“We don’t usually cast the same actor in two leading roles,” says Bertone, “but both Taavon and I — as well as our music directors [Dan Rodriguez for ‘Oklahoma!’ and David Coleman for ‘Mermaid’] — were eager to cast Kayla. We knew she could do both because she stepped in at the last minute last summer to play Catherine in ‘Pippin.’ She learned the role during tech week and was outstanding. Stepping up to take on two leading roles is an opportunity to give her a well-deserved spotlight.”
Bertone says finding young talent ready for the spotlight and creating a summer season that brings generations together to enjoy theater is the core of Reagle’s mission.
“I had my first professional job at Reagle,” says Bertone, who succeeded theater founder Robert J. Eagle last year as artistic director. “I had the opportunity to work with and learn from some of the greats while being given the opportunity to challenge myself as a performer, choreographer, and director. I’m thrilled to be able to provide these opportunities to others while offering new takes on classics and contemporary musical theater.”
Wheelock leader moves on
Emily Ranii, who led Wheelock Family Theatre for five seasons, has announced her departure as its artistic director. During her tenure, she navigated the theater through the merger of Wheelock College with Boston University, dealt with the challenges of pandemic closures, and co-commissioned the musical adaptation of Robert McCloskey’s “Make Way for Ducklings.” Ranii is joining the faculty of the Cambridge School of Weston, where she will continue to be involved with arts education. A new artistic director for Wheelock Family Theatre has not yet been announced.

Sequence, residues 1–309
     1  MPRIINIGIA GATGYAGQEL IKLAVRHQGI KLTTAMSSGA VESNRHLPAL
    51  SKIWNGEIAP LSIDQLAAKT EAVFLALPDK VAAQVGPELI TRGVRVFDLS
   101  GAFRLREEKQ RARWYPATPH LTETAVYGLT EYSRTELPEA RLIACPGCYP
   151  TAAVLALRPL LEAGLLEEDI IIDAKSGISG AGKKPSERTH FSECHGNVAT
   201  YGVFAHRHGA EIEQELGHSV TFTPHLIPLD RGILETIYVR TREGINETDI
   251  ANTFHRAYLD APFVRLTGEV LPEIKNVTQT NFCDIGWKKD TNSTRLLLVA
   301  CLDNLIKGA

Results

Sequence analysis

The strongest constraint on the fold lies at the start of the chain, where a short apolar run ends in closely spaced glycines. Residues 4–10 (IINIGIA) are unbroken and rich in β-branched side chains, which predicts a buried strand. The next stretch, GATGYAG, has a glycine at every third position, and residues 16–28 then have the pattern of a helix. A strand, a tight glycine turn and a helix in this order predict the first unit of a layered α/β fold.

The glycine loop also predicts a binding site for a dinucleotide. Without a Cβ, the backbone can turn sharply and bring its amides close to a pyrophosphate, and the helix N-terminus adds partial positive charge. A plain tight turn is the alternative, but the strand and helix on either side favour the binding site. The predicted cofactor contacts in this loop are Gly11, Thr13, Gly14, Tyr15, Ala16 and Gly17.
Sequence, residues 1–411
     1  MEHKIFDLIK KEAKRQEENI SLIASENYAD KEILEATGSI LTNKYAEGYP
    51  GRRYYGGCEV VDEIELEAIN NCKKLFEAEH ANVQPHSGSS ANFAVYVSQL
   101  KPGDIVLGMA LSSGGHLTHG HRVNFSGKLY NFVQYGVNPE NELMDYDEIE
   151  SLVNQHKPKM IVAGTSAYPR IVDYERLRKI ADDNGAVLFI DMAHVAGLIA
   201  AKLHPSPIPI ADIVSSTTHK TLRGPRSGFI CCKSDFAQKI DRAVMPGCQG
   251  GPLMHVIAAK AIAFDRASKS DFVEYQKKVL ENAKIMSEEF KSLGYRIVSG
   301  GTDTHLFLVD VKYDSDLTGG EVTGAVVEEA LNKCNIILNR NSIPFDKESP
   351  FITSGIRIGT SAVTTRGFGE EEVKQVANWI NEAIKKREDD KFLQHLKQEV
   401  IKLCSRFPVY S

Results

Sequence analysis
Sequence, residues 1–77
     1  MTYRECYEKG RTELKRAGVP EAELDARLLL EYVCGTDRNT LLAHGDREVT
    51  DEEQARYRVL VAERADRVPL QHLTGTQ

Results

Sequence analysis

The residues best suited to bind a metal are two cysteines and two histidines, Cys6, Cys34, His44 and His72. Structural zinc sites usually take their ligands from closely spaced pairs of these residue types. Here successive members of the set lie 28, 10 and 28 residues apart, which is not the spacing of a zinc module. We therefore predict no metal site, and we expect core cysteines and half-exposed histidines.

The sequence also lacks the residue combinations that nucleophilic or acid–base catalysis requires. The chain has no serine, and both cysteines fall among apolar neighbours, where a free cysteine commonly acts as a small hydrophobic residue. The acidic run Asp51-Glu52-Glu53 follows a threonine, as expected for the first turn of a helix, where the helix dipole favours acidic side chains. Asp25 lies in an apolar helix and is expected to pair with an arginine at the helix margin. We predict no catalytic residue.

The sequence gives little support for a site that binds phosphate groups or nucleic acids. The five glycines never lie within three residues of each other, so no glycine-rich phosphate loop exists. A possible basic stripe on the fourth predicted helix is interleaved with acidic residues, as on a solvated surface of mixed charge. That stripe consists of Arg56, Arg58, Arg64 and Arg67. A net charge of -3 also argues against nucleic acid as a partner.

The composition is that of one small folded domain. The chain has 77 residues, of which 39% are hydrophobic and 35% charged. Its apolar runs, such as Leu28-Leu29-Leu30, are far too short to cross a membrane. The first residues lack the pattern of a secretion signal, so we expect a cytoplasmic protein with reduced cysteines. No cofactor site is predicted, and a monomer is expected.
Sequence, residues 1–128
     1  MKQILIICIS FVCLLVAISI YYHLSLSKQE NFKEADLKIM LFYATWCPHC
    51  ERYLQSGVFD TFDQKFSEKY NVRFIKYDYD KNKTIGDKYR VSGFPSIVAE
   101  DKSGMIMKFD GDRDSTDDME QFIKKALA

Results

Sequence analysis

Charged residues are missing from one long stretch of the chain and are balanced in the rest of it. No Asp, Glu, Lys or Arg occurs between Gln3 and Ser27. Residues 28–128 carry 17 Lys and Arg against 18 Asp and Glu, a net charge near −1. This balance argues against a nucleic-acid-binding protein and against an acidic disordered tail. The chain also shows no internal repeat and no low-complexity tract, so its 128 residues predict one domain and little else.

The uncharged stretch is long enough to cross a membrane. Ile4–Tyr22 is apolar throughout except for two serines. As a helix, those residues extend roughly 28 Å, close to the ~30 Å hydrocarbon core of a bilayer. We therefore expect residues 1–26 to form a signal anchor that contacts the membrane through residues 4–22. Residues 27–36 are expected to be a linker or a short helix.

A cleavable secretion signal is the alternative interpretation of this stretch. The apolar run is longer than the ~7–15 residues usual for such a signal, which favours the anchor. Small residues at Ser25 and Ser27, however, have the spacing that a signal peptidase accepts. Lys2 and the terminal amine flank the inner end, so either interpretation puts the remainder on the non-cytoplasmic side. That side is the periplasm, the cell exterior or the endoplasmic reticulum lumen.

Theater companies mourn Dewey Dellay
Dewey Dellay, an imaginative sound designer who won numerous accolades for his compelling contributions to dozens of Boston-area productions, died this month from cancer. His illness did not stop him from creating evocative music and the sound design for Lyric Stage Company’s recent production of “Rooted.” In May, he and Abe Joyner-Meyers earned a 2023 Elliot Norton Award for their haunting sound design for Actors’ Shakespeare Project’s “Seven Guitars.”
Courtney O’Connor, Lyric Stage artistic director, said in a statement: “At our first production meeting for ‘Rooted’ a few months ago, Dewey played a piece of music that he had written for the play. As soon as it was finished, I think we all knew that Dewey had, once again, found the heartbeat. How thankful we all are to have heard his.”
In a Facebook post, Commonwealth Shakespeare Company recalled Dellay’s “warmth, sweet spirit, and immense creative talent.” Dellay, a longtime collaborator with the theater, had been scheduled to work on CSC’s free outdoor production of “Macbeth” this summer. “We hold his family and theatre family in our thoughts as they go through this difficult time — the world is much quieter without him in it,” the company said in its post.
“Oklahoma!” (through July 2) and “The Little Mermaid” (July 28-Aug. 6). At Reagle Music Theatre, Waltham. $30-$73. 781-891-5600, www.reaglemusictheatre.org